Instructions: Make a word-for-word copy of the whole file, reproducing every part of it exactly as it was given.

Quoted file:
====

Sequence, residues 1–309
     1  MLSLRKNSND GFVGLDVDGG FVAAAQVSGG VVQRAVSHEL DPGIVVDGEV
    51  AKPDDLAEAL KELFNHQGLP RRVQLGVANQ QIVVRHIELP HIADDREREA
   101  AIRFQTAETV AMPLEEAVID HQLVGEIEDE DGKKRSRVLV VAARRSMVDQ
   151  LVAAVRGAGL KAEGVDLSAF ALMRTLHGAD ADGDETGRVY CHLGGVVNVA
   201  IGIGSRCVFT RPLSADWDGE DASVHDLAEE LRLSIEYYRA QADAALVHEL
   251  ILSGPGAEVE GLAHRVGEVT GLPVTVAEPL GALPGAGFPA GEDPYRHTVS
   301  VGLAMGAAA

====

Sequence, residues 1–309
     1  MLSLRKNSND GFVGLDVDGG FVAAAQVSGG VVQRAVSHEL DPGIVVDGEV
    51  AKPDDLAEAL KELFNHQGLP RRVQLGVANQ QIVVRHIELP HIADDREREA
   101  AIRFQTAETV AMPLEEAVID HQLVGEIEDE DGKKRSRVLV VAARRSMVDQ
   151  LVAAVRGAGL KAEGVDLSAF ALMRTLHGAD ADGDETGRVY CHLGGVVNVA
   201  IGIGSRCVFT RPLSADWDGE DASVHDLAEE LRLSIEYYRA QADAALVHEL
   251  ILSGPGAEVE GLAHRVGEVT GLPVTVAEPL GALPGAGFPA GEDPYRHTVS
   301  VGLAMGAAA